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Why is there so much suffering in the world?


This time rip-offs from Mike Reeves, Tim Keller and Alex Banfield-Hicks.

Go to for all the talks from the three evenings.


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8 thoughts on “Why is there so much suffering in the world?

  1. fruitofhisdeath

    There is so much suffering in the world because of the active suppression of knowledge of God, in Christ's death on the cross (a.k.a., the "tree of life"), by the religions of the world (mainly Christiantiy)!

  2. John B

    Wonderful talk! With lots of great content packed into just 25 minutes! I love the Chesterton reference, which speaks to the heart of the question. I'm saving this talk to refer it to others, as this question comes up so often. (I was disappointed to learn that living here in the USA I'm about as far away from the "greatest country on earth" as I could possibly be. The UN Human Development Index lists us as #4, which is very good. International Living has us a bit lower on its list, but grants that we are the land of convenience, though they think that convenience is overrated.)

  3. Iain Strachan

    I enjoyed your talk, but have a question, relating to serious questions my daughter (21) is asking, being unsure what she believes. I have so far not been able to give much of a convincing answer. The question is essentially a repost of a comment I originally put on Facebook, but then I found your blog:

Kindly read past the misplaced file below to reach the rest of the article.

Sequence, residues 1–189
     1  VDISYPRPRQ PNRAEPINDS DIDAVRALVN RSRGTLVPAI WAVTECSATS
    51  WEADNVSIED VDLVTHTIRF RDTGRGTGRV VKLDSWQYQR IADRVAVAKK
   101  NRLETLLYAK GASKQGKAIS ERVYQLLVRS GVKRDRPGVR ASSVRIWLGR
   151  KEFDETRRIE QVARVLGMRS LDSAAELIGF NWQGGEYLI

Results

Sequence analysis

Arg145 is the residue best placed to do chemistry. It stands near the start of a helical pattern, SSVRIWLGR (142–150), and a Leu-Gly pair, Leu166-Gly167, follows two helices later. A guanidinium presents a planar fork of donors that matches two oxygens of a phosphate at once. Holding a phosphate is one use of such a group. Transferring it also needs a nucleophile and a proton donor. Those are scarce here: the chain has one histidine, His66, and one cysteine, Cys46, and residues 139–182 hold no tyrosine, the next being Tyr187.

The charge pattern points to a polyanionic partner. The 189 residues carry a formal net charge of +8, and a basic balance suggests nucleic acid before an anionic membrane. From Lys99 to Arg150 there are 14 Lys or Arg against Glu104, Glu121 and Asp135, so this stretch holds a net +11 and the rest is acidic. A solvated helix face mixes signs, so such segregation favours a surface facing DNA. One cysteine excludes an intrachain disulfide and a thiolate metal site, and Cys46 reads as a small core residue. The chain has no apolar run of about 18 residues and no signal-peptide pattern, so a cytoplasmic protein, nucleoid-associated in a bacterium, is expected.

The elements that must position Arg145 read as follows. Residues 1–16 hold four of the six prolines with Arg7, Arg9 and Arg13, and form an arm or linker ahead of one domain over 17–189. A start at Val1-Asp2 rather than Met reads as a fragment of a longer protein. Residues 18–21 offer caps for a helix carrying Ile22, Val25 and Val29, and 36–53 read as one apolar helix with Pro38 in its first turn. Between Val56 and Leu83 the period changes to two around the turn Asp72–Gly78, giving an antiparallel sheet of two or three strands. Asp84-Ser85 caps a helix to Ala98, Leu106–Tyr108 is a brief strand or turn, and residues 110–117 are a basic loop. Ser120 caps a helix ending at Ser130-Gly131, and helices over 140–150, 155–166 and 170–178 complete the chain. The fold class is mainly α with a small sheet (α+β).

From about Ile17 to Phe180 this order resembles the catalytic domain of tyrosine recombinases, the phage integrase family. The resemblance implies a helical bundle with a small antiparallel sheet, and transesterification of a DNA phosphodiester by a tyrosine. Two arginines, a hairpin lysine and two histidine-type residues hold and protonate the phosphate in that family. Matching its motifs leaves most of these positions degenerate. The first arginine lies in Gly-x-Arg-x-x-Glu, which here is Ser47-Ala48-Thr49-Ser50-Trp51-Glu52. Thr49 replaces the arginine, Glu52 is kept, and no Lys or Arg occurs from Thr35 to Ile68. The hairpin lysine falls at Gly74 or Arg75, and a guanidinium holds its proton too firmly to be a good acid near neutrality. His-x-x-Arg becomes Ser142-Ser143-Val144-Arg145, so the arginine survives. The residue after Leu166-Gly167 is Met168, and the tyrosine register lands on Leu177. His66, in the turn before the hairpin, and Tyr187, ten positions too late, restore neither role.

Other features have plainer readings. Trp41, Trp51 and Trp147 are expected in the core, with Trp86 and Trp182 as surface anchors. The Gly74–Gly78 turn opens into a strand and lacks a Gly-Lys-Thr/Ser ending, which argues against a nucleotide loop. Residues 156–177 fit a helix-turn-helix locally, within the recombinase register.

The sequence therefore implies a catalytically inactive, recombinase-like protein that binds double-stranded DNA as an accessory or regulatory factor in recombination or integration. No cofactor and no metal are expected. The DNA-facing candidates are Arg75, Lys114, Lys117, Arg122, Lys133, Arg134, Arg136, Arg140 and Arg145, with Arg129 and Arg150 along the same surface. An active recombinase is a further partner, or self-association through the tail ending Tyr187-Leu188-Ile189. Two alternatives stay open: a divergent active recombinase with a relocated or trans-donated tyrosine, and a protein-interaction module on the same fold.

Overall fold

Some really good stuff about Jesus as the God who embraces suffering - I have long thought that Christianity is the only religion that makes any sense at all over the question of suffering because of God as the "Suffering servant". However, in the bit where he describes Jesus as showing us what God is really like - not coming down and saying "heal .. heal .. heal ... cancer!" etc, I was thinking that this seems just what the Old Testament God is like - there are many harsh judgements in the Old Testament, balanced with hope and light admittedly, but nonetheless the OT God is one who definitely punishes people brutally for their wrongs, jealous and vengeful. These are the types of question my daughter (aged 21) is asking - why did God kill all the firstborn in Egypt? That clearly contradicts the picture of Jesus we have. I would be interested to hear what you have to say about this - I don't think one can just ignore it and say - "well look at Jesus - that's what God's really like" without some explanation of what Dawkins calls the "capriciously malevolent bully" of the OT.

    [An extra thought I've been having, probably heretical (!) is that possibly the harsh judgements in the prophets are what WE want God to be like in acting against our enemies. I have been reading recently the book of Jonah - a book not so much of prophecy but about a prophet. When the people of Nineveh repent wholesale, Jonah is extremely fed up and goes into a huge sulk. It is clear that he would have gained satisfaction to see the prophesied doom take place, but it seems God is different from that. But Jonah's reaction is a very human - we want to see bad people (e.g. Sadaam, Gadaafi, Bin Laden) get their come-uppance, and rejoice when it happens].

  4. Glen